Using customer segmentation to direct key marketing and product information to the right audience is not new; it’s been around since the 1950s. But the wealth of data that feed today’s segmentation models makes it possible to build effective and profitable models that can increase the customer experience and help your business grow.

The overriding goal of segmentation is a noble one: to improve customer-centricity and service. The idea is that by grouping customers by common attributes – such as usage behaviour, tastes and demographics – it is possible to better understand and serve customers in a cost-effective way. The two drivers behind this approach – customer experience and operational efficiency – are, however, diametrically opposed. After all, an ideal customer approach would necessitate understanding each and every customer on an individual basis and customising their experience accordingly. This ‘segment of one’ approach is so specific and so tailored to an individual’s needs that it has the potential to become increasingly complex and costly for a business to execute. An approach focused on driving operational efficiency works by treating all customers the same, thus enhancing the business’s ability to deliver cost-effectively and increase profitability. But, of course, human beings are not all the same.

“But, of course, human beings
are not all the same”

In practice, this means that a business may prefer to create different divisions and systems that suit the organisational structure, but these may prove inconvenient for the customer. Certainly you can’t set up a production line to produce an automobile designed specifically for each individual buyer, but you also can’t run the risk of dealing with a high-spending Lamborghini aficionado in the same way you do a consumer in the market for an everyday runaround. Somewhere in between these two extremes lies the ideal balance for each business, determined by taking into account issues of profitability and delivery, market forces and competition, and juxtaposing them against customer needs and the ability to adapt to the changing needs of the consumer.

Where are you on the scale?

Each business needs to carefully weigh up its organisational preferences with the consumer value it hopes to deliver. And this means finding the right place on the scale below

segmentation model

There is a tension between a fully organisational lens concerned only with optimisation, and a full customer lens concerned only with experience. Remember that an overweighted organisational lens can lead to a situation where consumers are regarded as a homogenous population. Alternatively, an overweighted customer lens might overcomplicate the delivery model by asking too much from the organisation and its people. How do you solve that tension? You do so by reaching an appropriate level of granular customisation which incorporates consumer understanding while bearing in mind production and cost efficiencies. Audio streaming service Spotify, for example, should be chasing a segment of one, because their model – or at least their algorithm – requires them to know each customer intimately. The customer lens makes sense for Spotify, but a segment of one is not for everyone. After all, a large financial services organisation should not be chasing a segment of one, as this would be both costly and unworkable – instead, they are best to categorise their customers according to appropriate attributes like affordability, lifestyle, life stage and interaction preferences. Once you have slotted your business into the right place and approach, there is one more pitfall to watch out for: The failure to recognise that consumer needs and perceptions change rapidly, so segments should never be set in stone. Bearing this in mind, segmentation approaches need to adapt in line with consumer needs. And, to achieve that, data needs to be regularly gathered and updated, in order to keep insights fresh.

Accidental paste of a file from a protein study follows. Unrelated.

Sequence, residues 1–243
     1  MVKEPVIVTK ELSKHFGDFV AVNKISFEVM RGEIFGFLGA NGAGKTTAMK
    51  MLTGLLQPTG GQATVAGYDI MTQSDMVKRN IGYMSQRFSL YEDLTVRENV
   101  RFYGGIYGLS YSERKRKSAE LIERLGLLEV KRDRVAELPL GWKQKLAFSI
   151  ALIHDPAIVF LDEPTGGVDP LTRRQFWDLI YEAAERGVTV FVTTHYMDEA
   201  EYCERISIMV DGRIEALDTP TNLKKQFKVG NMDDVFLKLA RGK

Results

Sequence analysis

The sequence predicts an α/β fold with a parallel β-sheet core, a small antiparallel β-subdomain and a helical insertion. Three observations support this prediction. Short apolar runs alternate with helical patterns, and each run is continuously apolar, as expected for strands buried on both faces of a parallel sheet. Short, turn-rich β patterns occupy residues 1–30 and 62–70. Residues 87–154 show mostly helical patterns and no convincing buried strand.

A model approach

There are a number of well-known segmentation models that facilitate the point of tension between maximised benefit for both the organisation and its customers. Central to the success of any of these models is the ability to consistently entrench the framework across all divisions in the business in order to unlock growth opportunities. Some segmentation models have a number of shortcomings in terms of the quality of insights and the inability to implement and adapt throughout an organisation. They often lack adaptability, which is vital to any nimble business. The design of a segmentation model needs a hybrid lens – weighing up the needs of the customer with the ability of the organisation. Fortunately, by designing better hybrid models it is possible to address these flaws and ensure more effective implementation. Making use of an enhanced segmentation model enables companies to differentiate between seemingly similar customers in order to design and implement tailored and targeted propositions, resulting in a more satisfied customer and a more profitable business.

Byron Dempsey

Author Byron Dempsey

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